I first encountered a bear when I heard Danielle clacking her poles and yelling "GO AWAY BEAR!" She walked towards me and explained that a large black bear was in the middle of the trail and wouldn't move. He just looked at her like "...why are you yelling at me, human? I'm just minding my own business". Not long after the bear apparently moved off the trail, so we continued on. I looked to my right and I kid you not, my first thoughts were "oh my god, why is there a stuffed animal bear in the woods?" Then I was like "holy sh*t, that bear is so cute" Then "holy sh*t, that's a real bear!" So that was the first of many bear encounters.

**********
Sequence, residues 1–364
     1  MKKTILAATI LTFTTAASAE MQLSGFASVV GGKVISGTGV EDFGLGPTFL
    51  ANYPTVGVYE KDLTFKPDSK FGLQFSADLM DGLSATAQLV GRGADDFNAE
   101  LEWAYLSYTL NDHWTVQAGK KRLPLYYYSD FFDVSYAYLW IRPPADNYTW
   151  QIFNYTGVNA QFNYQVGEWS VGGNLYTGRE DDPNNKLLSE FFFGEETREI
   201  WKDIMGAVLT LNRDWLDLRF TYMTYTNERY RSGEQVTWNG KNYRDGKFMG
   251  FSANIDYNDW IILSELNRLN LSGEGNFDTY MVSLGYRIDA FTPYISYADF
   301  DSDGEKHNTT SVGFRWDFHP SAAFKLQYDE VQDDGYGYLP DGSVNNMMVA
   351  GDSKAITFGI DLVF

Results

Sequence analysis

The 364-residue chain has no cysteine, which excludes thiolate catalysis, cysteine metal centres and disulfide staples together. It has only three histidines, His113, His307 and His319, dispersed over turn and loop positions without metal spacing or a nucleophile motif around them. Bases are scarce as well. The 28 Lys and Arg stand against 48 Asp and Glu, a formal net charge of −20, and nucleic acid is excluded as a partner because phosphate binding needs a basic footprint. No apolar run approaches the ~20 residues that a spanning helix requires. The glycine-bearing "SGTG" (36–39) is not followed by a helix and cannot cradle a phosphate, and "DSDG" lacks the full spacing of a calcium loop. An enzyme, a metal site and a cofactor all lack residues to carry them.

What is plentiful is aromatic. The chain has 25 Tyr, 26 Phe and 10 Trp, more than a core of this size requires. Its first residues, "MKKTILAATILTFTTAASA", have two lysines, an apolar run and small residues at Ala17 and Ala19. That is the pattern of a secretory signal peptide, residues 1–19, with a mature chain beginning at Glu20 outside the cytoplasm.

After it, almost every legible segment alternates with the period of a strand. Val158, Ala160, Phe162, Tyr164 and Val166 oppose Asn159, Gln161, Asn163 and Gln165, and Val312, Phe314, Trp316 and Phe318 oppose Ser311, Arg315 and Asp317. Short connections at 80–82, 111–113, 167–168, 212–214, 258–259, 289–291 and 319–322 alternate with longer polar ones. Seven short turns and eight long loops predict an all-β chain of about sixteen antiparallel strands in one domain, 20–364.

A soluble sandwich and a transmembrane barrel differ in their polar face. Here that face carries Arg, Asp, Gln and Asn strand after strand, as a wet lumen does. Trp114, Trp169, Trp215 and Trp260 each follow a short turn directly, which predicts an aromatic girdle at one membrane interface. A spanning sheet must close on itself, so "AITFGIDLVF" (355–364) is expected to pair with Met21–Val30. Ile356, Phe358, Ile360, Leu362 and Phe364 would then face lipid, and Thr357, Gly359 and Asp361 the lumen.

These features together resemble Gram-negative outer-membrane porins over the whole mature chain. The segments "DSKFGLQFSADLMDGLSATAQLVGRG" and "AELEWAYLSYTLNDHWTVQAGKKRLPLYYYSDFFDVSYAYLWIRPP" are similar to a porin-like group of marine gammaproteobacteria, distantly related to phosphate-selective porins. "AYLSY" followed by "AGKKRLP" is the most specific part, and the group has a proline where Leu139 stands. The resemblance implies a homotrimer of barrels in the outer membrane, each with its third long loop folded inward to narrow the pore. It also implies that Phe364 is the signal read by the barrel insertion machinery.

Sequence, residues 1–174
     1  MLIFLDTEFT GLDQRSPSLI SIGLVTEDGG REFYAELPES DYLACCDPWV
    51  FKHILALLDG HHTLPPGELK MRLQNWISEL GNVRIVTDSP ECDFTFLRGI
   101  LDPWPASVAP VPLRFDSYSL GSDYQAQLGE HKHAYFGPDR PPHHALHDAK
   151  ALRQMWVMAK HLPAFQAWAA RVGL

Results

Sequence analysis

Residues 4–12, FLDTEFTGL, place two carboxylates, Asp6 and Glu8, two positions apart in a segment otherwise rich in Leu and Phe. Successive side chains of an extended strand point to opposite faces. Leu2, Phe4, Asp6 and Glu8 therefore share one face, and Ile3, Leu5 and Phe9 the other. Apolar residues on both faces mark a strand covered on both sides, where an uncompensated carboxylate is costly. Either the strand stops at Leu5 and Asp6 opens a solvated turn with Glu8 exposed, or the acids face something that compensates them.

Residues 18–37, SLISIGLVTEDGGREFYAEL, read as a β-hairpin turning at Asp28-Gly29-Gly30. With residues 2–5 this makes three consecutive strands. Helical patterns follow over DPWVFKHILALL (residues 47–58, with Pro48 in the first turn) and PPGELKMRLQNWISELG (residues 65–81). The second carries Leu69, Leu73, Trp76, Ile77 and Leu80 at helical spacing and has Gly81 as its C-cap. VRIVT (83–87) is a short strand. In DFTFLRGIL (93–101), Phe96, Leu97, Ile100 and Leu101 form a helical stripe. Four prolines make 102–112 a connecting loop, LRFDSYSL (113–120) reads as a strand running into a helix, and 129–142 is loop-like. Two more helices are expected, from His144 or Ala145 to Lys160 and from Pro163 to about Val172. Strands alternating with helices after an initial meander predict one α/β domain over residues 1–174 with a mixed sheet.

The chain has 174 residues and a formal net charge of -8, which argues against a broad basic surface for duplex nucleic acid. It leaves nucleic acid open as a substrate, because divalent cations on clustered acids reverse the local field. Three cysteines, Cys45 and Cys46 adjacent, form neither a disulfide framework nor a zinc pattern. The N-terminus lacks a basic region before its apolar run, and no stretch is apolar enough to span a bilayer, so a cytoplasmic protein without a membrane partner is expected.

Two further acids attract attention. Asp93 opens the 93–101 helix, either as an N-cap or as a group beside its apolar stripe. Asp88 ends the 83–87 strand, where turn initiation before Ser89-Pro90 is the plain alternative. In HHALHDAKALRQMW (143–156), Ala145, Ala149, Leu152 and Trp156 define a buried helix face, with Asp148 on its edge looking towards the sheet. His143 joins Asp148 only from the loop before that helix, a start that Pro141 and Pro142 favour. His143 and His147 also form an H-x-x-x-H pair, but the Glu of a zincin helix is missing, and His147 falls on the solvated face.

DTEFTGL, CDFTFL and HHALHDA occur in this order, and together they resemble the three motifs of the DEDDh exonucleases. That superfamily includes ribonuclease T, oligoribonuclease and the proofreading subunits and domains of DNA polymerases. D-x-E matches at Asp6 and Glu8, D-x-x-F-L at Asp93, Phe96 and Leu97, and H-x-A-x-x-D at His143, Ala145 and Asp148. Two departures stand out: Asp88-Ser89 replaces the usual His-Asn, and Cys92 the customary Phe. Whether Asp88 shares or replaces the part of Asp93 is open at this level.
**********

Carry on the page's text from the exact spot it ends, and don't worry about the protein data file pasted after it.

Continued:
You might be wondering what a hiker is supposed to do when one sees a bear. Well, Danielle and I have it down. Clack your poles over your head (to scare the bear and appear larger). Speak in a monotone, loud voice. We usually go with: GO THE F*CK AWAY! SERIOUSLY BEAR, WE UNDERSTAND THAT THIS IS YOUR HOME, AND WE ARE ON YOUR TRAIL, BUT WE ARE MINDING OUR OWN BUSINESS AND WILL CONTINUE TO DO SO. PLEASE, JUST GO THE F*CK AWAY. Sometimes, we get distracted by their cuteness, but maintain a stern voice: GET YOUR CUTE FACE OUT OF HERE DUMB BEAR OR I'LL COME OVER THERE AND SQUEEZE IT. DON'T MAKE ME COME OVER THERE, BEAR, YOU'RE REALLY CUTE. I'LL DO IT. Sometimes, bears will get on their hind legs. In that case, we try to be more firm: GET YOUR ASS BACK DOWN, BEAR. DON'T YOU DARE SIZE US UP. YOU'RE NOT EATING HUMAN TONIGHT, THAT'S FOR DAMN SURE, SO DON'T EVEN FANCY THE THOUGHT. Bears usually just look at us with their cute faces like we are the craziest people they've ever seen and run off.